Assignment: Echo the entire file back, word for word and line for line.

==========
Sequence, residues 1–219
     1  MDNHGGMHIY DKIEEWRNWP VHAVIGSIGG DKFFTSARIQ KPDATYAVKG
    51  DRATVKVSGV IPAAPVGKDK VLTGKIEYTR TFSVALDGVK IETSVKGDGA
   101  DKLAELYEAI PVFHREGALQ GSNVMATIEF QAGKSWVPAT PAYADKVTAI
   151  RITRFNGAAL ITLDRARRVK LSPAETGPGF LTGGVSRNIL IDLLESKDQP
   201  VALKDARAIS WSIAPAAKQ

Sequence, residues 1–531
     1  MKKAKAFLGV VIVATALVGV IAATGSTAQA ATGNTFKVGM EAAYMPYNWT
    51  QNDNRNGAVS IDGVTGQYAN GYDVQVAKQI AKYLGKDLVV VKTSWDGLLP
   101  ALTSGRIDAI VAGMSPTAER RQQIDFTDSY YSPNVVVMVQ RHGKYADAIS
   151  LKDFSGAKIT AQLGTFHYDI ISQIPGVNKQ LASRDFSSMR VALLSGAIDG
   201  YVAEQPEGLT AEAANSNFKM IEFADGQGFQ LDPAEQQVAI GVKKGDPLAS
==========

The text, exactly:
Sequence, residues 1–219
     1  MDNHGGMHIY DKIEEWRNWP VHAVIGSIGG DKFFTSARIQ KPDATYAVKG
    51  DRATVKVSGV IPAAPVGKDK VLTGKIEYTR TFSVALDGVK IETSVKGDGA
   101  DKLAELYEAI PVFHREGALQ GSNVMATIEF QAGKSWVPAT PAYADKVTAI
   151  RITRFNGAAL ITLDRARRVK LSPAETGPGF LTGGVSRNIL IDLLESKDQP
   201  VALKDARAIS WSIAPAAKQ

Sequence, residues 1–531
     1  MKKAKAFLGV VIVATALVGV IAATGSTAQA ATGNTFKVGM EAAYMPYNWT
    51  QNDNRNGAVS IDGVTGQYAN GYDVQVAKQI AKYLGKDLVV VKTSWDGLLP
   101  ALTSGRIDAI VAGMSPTAER RQQIDFTDSY YSPNVVVMVQ RHGKYADAIS
   151  LKDFSGAKIT AQLGTFHYDI ISQIPGVNKQ LASRDFSSMR VALLSGAIDG
   201  YVAEQPEGLT AEAANSNFKM IEFADGQGFQ LDPAEQQVAI GVKKGDPLAS